Despite off-the-field scandals and on-the-field blowouts, the NFL's television ratings remain as strong as ever
The drumbeat of negative headlines, the collective outrage over the actions of Ray Rice, Greg Hardy and Adrian Peterson, blowouts seemingly every Thursday night.
It doesn’t matter. You keep watching.
When evaluating where the NFL’s TV viewership stands at the midway point this season versus 2013, keep in mind that any overall comparison is apples to oranges thanks to the CBS/NFL Network Thursday Night package. With an eye toward more exposure, the NFL simulcast seven of the season’s first eight Thursday games (excluding the NFL Kickoff on NBC) on both CBS and NFL Network, thus assuring the viewership numbers would be significantly juiced with the switch from cable-only NFL Network to an over-the-air network. The new package did its job: Through the first seven weeks of the season, CBS averaged 16.5 million viewers where the NFL Network games averaged 8.5 million viewers in 2013. Most importantly for CBS, TNF’s viewership is 81 percent higher than CBS’s Thursday night primetime programming of a year ago.
In terms of viewership trends for this season, I enlisted Austin Karp, the assistant managing editor of Sports Business Daily and as sharp as it gets when it comes to NFL viewing. The main takeaway is that the NFL has not suffered any kind of significant drop-off from last year.
Monday Night Football viewership is up seven percent this season and has consistently won primetime on Mondays. Through the first eight weeks (nine games), MNF is averaging 13.99 million viewers. (Last year MNF averaged 13.68 million viewers for its 17-game schedule.)
“I’m not sure I should be surprised, but I thought the gap between AMC's The Walking Dead (which is averaging about 16 million) and ESPN's Monday Night Football would be closer,” Karp said. “I thought there would be some better competition there for the title of “King of Cable,” but the viewership numbers for AMC (only two episodes) have been well ahead of ESPN.”
Sunday Night Football continues to lead broadcast shows in primetime and adults 18-49, but it was down three percent in viewership as of Oct. 19. Through eight SNF telecasts, NBC averaged 22.1 million viewers—marking the second consecutive year that NBC has topped a 22 million-viewer average at this point in the season. Those numbers come despite a score differential of 17 or more points during each game. Last year NBC averaged 21.7 million viewers for its 19 NFL telecasts.
“NBC started strong through Week 4, but turned lower after that,” Karp said prior to last Sunday’s Saints-Packers game. “And much like many Thursdays, some Sunday night games have had lopsided scores.”
The network’s Sunday broadcasts have averaged 20.8 million viewers through the first seven weeks of the season, down one percent in viewership from FOX’s most-watched year ever (21.0 million viewers). Karp said Fox was helped from national window coverage featuring Cowboys-Seahawks (Week 6) and Giants-Cowboys (Week 7). The network’s games averaged 21.2 million viewers in 2013.
Through the first seven weeks of the season, CBS’s Sunday NFL games had averaged 17.52 million viewers. It’s the third-highest viewer average for the first seven weeks of the season since the NFL returned to the network in 1998, but down from last season. (CBS’s regular-season schedule averaged 18.7 million viewers in 2013.)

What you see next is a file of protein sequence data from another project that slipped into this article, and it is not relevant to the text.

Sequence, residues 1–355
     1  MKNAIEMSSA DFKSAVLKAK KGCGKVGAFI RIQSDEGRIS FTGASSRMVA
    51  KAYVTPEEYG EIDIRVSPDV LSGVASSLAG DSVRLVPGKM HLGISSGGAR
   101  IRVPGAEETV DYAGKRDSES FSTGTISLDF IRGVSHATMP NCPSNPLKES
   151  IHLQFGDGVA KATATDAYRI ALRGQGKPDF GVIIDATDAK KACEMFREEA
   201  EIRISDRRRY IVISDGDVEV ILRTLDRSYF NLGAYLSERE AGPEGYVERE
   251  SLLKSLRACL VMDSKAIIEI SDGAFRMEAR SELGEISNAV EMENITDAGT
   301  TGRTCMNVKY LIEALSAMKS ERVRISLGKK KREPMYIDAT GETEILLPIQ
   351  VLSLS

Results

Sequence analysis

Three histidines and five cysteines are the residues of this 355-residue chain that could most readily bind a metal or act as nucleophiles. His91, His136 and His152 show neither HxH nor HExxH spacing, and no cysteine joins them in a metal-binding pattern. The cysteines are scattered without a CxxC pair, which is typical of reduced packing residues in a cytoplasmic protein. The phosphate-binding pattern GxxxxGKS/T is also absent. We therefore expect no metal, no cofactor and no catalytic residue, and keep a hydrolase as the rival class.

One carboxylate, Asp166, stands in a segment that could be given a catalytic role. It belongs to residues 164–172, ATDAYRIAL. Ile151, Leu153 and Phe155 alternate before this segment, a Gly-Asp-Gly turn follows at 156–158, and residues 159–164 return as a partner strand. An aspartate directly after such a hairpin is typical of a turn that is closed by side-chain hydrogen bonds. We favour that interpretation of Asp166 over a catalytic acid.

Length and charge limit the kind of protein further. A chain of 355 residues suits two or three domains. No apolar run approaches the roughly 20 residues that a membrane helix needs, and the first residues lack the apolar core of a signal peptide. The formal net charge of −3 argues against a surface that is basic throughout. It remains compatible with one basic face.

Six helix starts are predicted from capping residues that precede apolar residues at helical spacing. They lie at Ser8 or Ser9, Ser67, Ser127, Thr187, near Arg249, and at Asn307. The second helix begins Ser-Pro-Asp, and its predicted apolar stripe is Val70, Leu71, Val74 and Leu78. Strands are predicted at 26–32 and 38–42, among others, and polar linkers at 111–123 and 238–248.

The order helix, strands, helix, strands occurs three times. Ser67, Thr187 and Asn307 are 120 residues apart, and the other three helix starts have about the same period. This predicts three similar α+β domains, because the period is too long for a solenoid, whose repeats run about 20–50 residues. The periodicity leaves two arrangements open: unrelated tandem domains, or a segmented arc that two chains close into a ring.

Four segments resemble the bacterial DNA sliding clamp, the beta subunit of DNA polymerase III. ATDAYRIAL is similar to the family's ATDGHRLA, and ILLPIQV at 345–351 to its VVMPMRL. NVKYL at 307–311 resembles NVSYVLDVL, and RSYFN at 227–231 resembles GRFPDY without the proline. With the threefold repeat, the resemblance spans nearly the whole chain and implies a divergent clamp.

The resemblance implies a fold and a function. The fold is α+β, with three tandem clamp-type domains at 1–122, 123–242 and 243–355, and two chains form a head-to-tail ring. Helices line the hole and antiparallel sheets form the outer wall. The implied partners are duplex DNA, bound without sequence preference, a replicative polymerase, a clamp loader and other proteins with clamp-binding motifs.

History shows us there is rarely any longterm sports television viewing drop-off for major pro or college sports when an athlete, coach, or league executive does something that people consider personally abhorrent or immoral. Why is that the case?
“We might think of people as NFL fans, but they are really fans of a team, not the League,” said Amanda Lotz, an associate professor in the Department of Communication Studies at the University of Michigan. “There may be real discontent with the actions of the league or the actions of a player, but it is a difficult move to deny fanship of a team as a result. We are Chiefs or Steelers fans, not NFL fans. The dynamics between team and individual sports is also a consideration. Though we may have fondness for particular players, that's not what draws us in the case of the NFL either.
“It isn't domestic violence that is being broadcast on Sundays. Even though women and men may feel strongly that the acts were criminal and that the league was wrong to cover them up, it is difficult for that to override what might be a lifetime of fan behavior and one often linked closely to identity of place and family. As for women in particular, I wonder how many of those are individual women viewers. If other members of the household are watching and that is a family ritual, that too makes behavior change difficult.”
As of Oct. 23, there had been six NFL games that had averaged more than 25 million viewers, versus 10 by that date in 2013. The most-watched game at this point last season was the Packers-Niners opening week game (it drew 28.5 million). This year’s most-watched game came Week 6, when the window airing the Cowboys-Seahawks drew 30.0 million viewers.
If you are looking for some indication of how the ratings will play for the rest of the season, the NFL often benefits when the sport’s top television teams (Broncos, Cowboys, Packers, Patriots) are playing well. The Redskins-Cowboys overtime thriller on Monday delivered MNF’s best viewership since Dec. 2010. The game drew 18.8 million viewers and peaked between 11:30 and 11:45 p.m. ET at 22.5 million. It ranks as the ninth most-viewed cable program in history, excluding breaking news.
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